RFR-8148748: ArrayList.subList().spliterator() is not late-binding

Tagir F. Valeev amaembo at gmail.com
Mon Feb 8 14:53:52 UTC 2016


Sorry, I don't understand how passing AbstractList would help. We
still need direct access to the elementData array of the original
ArrayList for efficiency, and this field is also late-binding, so we
need to have a reference to the ArrayList as well even in SubList
case. SubList reference is also necessary, because we need to get size
and modCount from it. So we have need both ArrayList and SubList and
cannot replace them with single AbstractList. Note that my current
implementation does not introduce new virtual calls at all.

Surely it's possible to duplicate the Spliterator implementation. I
have some doubts that it's reasonable, because this would increase the
maintenance cost. Current Spliterator does the job pretty well for
both SubList and original ArrayList. Nevertheless, if you think it's
better I can create separate class (ArrayListSubListSpliterator?
ArrayListSubSpliterator? SubListSpliterator?) leaving the original
ArrayListSpliterator as is.

I'm just worrying a little that my changes might conflict with Ivan
Gerasimov's pending 8079136 issue, so probably it would be better to
wait till it's reviewed and pushed...

With best regards,
Tagir Valeev.

PS> Hi Tagir,

PS> It’s certainly easier to review if one avoids the temptation to
PS> change other things at the same time :-)

PS> There is a possible simplified approach to sharing one
PS> Spliterator impl between ArrayList and ArrayList.SubList. The
PS> initial (origin, fence) for ArrayList can be (0, -1) and
PS> ArrayList.SubList it can be (offset, -1), as before, then one can
PS> make it static passing in an instance of AbstractList:

PS>   if ((hi = fence) < 0) {
PS>     expectedModCount = lst.modCount; // shared field on AbstractList
PS>     hi = fence = index + lst.size(); // virtual call :-(
PS>   }

PS> Unfortunately that requires a virtual call to lst.size(). I don’t
PS> know if we could improve matters using a private interface
PS> contract to initialise the state e.g.:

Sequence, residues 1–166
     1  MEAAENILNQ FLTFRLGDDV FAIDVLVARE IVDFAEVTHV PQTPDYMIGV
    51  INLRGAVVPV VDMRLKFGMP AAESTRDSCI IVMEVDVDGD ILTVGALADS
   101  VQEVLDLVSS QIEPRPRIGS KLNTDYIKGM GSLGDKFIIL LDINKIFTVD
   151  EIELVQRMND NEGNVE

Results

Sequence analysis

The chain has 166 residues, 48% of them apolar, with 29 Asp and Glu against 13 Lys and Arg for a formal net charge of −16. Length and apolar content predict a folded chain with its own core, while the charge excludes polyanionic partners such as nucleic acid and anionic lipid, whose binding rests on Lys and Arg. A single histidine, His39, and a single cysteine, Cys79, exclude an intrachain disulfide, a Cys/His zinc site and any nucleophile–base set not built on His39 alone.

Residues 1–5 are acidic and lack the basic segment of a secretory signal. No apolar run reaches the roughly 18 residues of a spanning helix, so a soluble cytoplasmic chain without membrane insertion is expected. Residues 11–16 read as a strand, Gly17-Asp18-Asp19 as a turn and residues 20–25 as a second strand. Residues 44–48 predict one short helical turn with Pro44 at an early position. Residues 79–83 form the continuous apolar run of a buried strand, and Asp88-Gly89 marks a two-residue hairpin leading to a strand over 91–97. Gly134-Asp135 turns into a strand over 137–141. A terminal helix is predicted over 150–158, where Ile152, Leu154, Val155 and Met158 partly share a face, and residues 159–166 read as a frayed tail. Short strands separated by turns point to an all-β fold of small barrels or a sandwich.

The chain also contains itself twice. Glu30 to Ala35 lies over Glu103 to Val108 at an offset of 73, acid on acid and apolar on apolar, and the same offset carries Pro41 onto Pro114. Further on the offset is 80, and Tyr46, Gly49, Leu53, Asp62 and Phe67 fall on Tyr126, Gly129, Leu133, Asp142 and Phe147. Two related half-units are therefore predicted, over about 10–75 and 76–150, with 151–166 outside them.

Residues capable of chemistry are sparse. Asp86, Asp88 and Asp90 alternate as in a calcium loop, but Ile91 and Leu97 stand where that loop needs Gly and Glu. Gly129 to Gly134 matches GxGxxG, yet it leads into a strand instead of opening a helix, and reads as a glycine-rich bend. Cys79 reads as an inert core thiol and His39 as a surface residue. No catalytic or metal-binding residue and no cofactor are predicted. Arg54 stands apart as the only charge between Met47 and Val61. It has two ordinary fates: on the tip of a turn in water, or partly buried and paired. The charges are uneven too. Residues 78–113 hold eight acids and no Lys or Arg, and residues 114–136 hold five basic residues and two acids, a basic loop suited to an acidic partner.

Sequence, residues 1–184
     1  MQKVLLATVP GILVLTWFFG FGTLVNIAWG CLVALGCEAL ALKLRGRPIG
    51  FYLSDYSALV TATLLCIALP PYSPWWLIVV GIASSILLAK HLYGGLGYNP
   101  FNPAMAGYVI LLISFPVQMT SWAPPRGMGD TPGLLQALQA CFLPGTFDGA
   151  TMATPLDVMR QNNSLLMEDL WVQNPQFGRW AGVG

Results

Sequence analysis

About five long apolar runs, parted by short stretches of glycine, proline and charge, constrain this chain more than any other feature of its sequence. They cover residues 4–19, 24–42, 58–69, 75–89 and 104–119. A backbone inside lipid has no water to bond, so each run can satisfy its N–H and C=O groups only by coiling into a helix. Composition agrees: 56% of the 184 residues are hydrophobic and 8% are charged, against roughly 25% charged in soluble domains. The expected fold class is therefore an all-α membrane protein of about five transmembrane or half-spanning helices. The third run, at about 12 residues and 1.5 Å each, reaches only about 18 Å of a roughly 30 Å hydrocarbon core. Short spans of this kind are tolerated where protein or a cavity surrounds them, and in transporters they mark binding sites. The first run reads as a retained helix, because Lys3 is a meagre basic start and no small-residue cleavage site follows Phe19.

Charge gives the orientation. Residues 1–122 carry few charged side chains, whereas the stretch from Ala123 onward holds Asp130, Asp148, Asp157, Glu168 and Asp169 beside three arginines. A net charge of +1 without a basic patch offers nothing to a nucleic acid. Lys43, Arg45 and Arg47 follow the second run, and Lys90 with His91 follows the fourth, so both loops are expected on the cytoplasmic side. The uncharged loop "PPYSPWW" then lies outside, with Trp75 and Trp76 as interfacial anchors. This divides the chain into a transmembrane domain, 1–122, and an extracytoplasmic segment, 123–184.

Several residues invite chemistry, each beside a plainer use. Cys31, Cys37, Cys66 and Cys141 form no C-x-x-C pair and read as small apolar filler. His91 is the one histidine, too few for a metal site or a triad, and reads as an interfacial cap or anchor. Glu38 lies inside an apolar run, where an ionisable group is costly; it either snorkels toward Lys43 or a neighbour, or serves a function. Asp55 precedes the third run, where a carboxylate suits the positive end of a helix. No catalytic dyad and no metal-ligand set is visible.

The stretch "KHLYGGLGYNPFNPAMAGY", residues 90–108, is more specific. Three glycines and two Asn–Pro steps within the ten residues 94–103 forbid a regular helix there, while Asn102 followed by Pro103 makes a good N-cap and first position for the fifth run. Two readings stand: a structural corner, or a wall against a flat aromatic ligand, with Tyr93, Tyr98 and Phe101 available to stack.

PS>   if ((hi = fence) < 0) {
PS>     hi = initializer.init(this); // only two possible impls of initializer
PS>   }

PS> However, since ArrayList is quite a fundamental class my
PS> inclination is to provide a separate implementation, as SubList
PS> already does for ListIterator. Then we don’t perturb the optimal
PS> case, extra fields with branching or otherwise.

PS> Paul.

>> On 4 Feb 2016, at 16:55, Tagir F. Valeev <amaembo at gmail.com> wrote:
>> Hello!
>> Thank you for clarification. As far as I know currently JIT-compiled
>> null checks are almost always implicit (via trapped page-fault). Well,
>> ok, I'm not a Hotspot expert (probably for C1 this still matters). I
>> will keep this code as is.
>> Webrev was not changed:
>> http://cr.openjdk.java.net/~tvaleev/webrev/8148748/r1/
>> Any more reviews, please?
>> With best regards,
>> Tagir Valeev.
>> MB> On Wed, Feb 3, 2016 at 4:20 AM, Tagir F. Valeev <amaembo at gmail.com> wrote:
>>>> Some more thoughts about forEachRemaining:
>>>> To me it seems that
>>>> if ((a = lst.elementData) != null)
>>>> is a redundant check as well as in current ArrayList implementation
>>>> elementData is never null. So it can be replaced with simple
>>>> assignment.
>> MB> The null check for something that is provably non-null is a sign of
>> MB> the hand of Doug Lea.
>> MB> I'm often tempted to try to remove them from j.u.concurrent as well,
>> MB> but I resist.
>> MB> They may help hotspot generate better code.

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